The whole stores sector – grocers and general merchandisers – was up last week and beat the All Share index, although general retailers continued to underperform against last year.

The rise was driven partly by optimism about particular companies, such as Next (see opposite), as a raft of big retailers prepare to update over the next month. Hopes that better weather might get fashion retailers’ autumn/winter season off to a good start also lifted sentiment.

Electricals retailer DSGi was scheduled to issue a trading statement as Retail Week went to press. Ahead of the update, Panmure Gordon reiterated its hold advice. The broker said: “DSGi is attractively valued, with good yield support and the prospect of the interest rate cycle peaking may revive interest in cyclical exposure.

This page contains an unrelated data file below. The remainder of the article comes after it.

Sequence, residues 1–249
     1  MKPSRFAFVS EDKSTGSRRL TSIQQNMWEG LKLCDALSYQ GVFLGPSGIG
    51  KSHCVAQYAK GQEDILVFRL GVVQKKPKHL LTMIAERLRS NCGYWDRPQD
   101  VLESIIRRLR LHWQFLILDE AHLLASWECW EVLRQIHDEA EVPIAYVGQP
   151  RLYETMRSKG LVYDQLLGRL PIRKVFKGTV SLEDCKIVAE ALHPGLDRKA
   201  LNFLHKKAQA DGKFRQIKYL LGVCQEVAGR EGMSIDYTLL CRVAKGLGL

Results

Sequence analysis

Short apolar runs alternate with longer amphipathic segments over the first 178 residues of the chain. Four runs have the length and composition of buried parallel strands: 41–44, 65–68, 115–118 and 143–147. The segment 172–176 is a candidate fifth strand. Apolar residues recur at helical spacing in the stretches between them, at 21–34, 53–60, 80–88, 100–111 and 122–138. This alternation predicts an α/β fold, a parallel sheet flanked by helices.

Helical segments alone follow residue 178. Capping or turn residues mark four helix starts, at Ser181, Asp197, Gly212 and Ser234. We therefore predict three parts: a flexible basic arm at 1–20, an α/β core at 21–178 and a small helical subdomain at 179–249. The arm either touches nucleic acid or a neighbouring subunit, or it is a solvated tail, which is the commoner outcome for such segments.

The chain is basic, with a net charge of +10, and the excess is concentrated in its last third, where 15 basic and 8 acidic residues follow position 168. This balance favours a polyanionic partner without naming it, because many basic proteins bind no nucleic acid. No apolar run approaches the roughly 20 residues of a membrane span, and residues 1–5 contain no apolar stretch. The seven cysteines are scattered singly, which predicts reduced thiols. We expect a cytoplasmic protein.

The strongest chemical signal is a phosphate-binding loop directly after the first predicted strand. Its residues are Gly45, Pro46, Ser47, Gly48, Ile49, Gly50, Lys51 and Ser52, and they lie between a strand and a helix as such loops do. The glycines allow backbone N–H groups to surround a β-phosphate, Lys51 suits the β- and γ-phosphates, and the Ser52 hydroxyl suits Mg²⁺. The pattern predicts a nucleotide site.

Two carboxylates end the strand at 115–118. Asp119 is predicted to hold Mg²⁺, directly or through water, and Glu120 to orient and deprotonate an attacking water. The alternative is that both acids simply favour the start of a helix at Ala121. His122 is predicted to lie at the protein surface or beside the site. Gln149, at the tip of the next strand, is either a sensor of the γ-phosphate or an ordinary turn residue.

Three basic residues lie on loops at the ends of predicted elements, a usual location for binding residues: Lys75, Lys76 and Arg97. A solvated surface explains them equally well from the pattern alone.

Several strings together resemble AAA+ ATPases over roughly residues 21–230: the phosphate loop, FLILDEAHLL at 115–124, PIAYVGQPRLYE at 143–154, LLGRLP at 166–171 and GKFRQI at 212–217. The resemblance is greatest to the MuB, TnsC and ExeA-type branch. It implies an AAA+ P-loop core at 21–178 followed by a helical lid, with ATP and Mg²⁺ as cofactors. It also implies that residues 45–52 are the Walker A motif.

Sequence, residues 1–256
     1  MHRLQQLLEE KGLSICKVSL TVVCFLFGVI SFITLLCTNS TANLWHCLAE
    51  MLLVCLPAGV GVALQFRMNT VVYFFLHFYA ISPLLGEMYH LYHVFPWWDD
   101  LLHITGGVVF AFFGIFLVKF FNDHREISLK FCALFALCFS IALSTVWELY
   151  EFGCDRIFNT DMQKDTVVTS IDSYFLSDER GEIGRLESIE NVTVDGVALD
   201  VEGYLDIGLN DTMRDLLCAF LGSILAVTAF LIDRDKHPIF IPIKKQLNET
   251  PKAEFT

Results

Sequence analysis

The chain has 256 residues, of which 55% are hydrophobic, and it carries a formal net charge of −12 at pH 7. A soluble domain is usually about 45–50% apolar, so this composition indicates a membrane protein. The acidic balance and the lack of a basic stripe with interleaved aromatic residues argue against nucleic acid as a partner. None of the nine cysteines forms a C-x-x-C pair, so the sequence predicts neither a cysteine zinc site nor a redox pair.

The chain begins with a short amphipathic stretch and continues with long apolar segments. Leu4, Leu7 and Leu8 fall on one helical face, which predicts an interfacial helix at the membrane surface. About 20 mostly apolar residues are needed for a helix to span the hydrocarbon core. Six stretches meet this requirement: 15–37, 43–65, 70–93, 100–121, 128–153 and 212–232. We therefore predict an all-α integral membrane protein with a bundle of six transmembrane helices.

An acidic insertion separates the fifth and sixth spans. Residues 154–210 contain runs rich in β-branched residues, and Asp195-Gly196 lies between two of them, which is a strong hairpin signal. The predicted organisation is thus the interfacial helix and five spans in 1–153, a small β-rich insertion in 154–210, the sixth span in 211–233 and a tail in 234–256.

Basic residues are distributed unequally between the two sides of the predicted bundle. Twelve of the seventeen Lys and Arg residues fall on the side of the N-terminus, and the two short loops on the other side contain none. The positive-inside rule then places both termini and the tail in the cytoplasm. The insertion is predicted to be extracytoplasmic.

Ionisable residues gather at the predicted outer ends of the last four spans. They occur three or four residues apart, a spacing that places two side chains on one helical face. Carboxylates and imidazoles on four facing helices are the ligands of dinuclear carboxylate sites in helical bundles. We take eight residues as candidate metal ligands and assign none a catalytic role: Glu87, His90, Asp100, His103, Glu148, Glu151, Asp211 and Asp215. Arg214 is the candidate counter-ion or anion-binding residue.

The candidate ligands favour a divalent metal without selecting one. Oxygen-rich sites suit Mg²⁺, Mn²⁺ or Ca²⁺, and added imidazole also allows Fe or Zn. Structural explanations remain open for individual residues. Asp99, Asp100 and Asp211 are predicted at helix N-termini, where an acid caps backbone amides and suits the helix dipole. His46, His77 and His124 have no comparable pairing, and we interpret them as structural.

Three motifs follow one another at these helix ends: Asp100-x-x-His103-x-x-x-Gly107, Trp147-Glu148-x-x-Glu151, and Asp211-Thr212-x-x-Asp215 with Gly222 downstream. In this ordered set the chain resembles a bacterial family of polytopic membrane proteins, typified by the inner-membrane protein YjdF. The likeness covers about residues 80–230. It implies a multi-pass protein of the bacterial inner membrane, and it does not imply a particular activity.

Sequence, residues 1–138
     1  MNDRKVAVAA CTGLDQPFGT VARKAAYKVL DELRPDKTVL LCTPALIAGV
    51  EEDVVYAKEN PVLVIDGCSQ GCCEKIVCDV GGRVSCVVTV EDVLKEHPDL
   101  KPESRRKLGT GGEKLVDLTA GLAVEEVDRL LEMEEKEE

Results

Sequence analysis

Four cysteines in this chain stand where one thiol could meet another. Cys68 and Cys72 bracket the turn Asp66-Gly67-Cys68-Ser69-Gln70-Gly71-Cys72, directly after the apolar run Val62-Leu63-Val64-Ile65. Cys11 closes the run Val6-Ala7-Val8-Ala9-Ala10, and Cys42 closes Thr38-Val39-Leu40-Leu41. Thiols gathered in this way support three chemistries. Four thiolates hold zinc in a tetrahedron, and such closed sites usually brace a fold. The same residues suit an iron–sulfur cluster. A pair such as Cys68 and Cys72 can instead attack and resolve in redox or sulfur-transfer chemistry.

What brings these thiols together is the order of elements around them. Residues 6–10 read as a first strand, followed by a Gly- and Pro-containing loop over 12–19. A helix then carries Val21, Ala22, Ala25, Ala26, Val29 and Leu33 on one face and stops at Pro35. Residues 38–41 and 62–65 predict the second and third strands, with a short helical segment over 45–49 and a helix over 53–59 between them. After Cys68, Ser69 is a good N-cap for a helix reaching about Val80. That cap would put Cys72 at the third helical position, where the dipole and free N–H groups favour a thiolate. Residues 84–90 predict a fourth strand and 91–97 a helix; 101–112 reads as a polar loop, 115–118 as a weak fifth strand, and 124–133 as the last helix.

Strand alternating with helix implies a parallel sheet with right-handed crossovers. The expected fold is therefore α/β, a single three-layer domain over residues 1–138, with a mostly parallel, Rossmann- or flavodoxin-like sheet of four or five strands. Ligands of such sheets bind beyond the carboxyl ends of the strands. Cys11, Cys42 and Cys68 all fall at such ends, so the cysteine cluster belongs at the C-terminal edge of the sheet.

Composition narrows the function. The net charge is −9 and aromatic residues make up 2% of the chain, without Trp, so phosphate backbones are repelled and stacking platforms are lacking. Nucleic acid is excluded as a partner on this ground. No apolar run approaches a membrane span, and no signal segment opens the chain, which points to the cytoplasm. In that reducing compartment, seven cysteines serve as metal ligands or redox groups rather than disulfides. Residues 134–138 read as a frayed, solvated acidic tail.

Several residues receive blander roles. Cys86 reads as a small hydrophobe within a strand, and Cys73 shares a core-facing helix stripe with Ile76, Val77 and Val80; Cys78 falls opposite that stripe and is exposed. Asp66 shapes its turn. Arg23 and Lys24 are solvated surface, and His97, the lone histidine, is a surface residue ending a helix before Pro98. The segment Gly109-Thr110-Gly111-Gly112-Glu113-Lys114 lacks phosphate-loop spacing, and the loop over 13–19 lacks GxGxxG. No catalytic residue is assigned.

“However, we remain cautious, given the deflationary pressures in its markets and the likely slowdown in consumer spending in the months ahead.”

The Sainsbury’s bid saga dragged on and brokers continued to try to judge the likelihood of a sale going ahead. Numis cut its target price from 700p to 680p, but said: “There is a higher probability of this deal crystallising than falling apart.” Seymour Pierce, however, believes the odds of a takeover were 55:45 against. Advising hold, the broker said: “The shares are sitting in the middle of the range of 450p (bid fails) to 600p (bid happens) and we think that it is too risky to call.”

JP Morgan initiated coverage of Debenhams with an underweight stance. Debenhams’ shops are underinvested in and the business is overvalued, argued the broker. The department store group will issue an update on September 18, which JP Morgan expects to lead to more forecasts for this year and next being downgraded.

Liberty, the AIM-listed department store, is expected to report interims in a fortnight. Potential buyers, including Baugur, are said to be eyeing the iconic store.

There has been some speculation that former House of Fraser chief executive John Coleman was interested in leading a bid, but that is understood to be incorrect.